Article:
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Prove that for all $k \geq 1$ and $n \geq 2 ^{k-1}$, the number of subsets of $\{1,2,3\cdots n\}$ with sum congruent to $i$ mod $2^k$, equals the number with sum congruent to $i+1$ mod $2^k$, for all $0\leq i\lt2^k$.

P.S.

i do not know the math around it, but this is how the number of subsets with sum congruent to $i$ mod $2^k$ behaves for different values of $n$. The header row column values indicate the sum congruent to $i$ mod $2^k$ values. In each row, the first column indicates the value of $n$.

In this example, $k = 3,2^k=8$ and $n$ varies from $1$ to $6$

       0 1 2 3 4 5 6 7

    1  1 1 0 0 0 0 0 0 
    2  1 1 1 1 0 0 0 0  
    3  1 1 1 2 1 1 1 0 
    4  2 2 2 2 2 2 2 2 
    5  4 4 4 4 4 4 4 4 
    6  8 8 8 8 8 8 8 8

Th table is constructed using the recurrence relation, $S_{n,i} = S_{n-1,i} + S_{n-1,(i-n) mod 2^k}$, if we assume $S_{n,i}$ is the number of subsets of $\{1,2,3 \cdots n\}$ with sum congruent to $i$ mod $2^k$. From the table, we can observe that for $n\geq4$ i.e. $2^{k-1}$, all the entries of the row are equal. And if we look closely, each entry is $2^{n - k}$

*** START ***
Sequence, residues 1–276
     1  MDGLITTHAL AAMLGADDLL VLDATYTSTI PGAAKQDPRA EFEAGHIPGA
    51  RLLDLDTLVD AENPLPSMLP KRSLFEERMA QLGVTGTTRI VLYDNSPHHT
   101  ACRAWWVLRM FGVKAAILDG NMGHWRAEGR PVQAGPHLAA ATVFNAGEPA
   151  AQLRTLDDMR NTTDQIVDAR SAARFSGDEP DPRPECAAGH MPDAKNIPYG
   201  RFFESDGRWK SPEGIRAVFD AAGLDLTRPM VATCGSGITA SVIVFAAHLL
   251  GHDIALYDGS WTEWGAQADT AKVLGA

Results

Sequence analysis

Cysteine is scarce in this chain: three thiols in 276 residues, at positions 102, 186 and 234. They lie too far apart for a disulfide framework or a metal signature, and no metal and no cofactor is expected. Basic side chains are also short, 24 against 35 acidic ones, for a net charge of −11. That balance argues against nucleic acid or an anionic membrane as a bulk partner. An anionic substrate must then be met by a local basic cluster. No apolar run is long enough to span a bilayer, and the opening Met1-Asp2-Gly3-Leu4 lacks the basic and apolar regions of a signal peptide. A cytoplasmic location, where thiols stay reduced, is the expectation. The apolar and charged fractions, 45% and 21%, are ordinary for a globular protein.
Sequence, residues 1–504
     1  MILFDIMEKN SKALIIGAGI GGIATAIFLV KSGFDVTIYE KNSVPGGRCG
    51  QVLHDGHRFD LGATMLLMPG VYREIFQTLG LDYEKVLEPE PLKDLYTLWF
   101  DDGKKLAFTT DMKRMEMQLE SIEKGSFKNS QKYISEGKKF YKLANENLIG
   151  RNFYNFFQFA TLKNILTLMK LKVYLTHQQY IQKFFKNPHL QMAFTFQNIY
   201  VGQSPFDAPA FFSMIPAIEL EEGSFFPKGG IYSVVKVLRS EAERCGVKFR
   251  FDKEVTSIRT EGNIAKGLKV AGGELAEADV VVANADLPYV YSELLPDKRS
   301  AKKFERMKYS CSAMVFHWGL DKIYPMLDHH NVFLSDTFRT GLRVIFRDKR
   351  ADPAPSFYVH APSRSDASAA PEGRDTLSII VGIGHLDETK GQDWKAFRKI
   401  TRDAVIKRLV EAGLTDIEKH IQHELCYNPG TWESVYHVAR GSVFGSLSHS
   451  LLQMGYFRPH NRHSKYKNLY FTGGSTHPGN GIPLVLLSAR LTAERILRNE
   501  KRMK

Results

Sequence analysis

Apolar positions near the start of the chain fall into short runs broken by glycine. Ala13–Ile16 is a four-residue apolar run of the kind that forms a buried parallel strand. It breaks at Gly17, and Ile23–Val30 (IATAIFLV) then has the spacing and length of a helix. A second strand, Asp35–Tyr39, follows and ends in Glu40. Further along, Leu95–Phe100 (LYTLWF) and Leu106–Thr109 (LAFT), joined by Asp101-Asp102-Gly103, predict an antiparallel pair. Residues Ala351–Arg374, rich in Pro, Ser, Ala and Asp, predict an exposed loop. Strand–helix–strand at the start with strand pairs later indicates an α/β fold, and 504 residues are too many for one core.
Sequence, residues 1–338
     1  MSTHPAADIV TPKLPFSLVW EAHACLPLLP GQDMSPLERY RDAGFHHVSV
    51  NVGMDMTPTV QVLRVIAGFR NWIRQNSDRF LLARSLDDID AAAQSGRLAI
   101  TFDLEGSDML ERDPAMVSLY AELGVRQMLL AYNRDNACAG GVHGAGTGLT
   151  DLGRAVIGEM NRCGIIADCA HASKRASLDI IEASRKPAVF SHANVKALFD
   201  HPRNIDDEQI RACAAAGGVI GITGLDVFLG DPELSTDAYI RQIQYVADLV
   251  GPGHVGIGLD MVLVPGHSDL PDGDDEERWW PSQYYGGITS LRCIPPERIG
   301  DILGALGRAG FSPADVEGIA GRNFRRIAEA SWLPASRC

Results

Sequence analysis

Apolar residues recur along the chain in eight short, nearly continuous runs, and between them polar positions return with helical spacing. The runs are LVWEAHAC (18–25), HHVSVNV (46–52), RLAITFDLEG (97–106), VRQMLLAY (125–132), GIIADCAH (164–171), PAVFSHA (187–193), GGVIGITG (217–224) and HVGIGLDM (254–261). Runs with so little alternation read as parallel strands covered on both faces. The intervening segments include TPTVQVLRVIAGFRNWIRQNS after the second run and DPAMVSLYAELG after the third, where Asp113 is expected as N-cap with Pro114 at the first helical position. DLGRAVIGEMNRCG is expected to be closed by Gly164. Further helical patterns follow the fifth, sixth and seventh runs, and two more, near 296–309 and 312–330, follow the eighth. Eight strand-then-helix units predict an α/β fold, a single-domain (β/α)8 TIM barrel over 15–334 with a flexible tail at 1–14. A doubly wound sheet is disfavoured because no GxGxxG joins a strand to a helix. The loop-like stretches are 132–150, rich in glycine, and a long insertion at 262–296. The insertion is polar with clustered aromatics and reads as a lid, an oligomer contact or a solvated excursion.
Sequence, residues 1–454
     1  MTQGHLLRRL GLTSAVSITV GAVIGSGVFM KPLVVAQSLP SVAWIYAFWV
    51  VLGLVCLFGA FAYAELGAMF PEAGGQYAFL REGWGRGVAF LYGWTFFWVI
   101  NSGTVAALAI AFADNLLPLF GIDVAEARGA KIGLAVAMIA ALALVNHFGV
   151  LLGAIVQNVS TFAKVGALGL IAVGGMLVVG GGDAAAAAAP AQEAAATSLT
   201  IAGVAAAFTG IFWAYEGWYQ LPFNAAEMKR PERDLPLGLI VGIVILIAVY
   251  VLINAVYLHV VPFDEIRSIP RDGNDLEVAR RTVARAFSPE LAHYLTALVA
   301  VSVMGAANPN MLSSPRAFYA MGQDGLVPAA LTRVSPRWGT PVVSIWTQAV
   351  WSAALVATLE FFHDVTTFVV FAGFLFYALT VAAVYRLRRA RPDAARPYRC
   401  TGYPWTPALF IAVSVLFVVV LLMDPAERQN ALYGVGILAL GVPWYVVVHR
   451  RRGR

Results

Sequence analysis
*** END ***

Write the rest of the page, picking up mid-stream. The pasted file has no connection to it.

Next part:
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1 Answer 1

Hint: Prove it for $n = 2^{k-1}$ by using $$(1+x)(1+x^2)(1+x^3)...(1+x^{2^{k-1}}) \pmod{x^{2^k} - 1}$$ and showing it is equivalent to $2^{2^{k-1} - k}(1 + x + ... + x^{2^k-1})$ via plugging in the $2^{k}$th roots of unity. Then apply induction to get the desired result, $n = 2^{k-1}$ being your base case.

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Thank you for responding. But, i do not know how to do it. –  Novice Feb 17 '13 at 13:03
    
Which part do you not know how to do? The base case or the inductive step? –  dinoboy Feb 17 '13 at 19:23
    
Please help me understand the base case. Thanks. –  Novice Feb 18 '13 at 18:12

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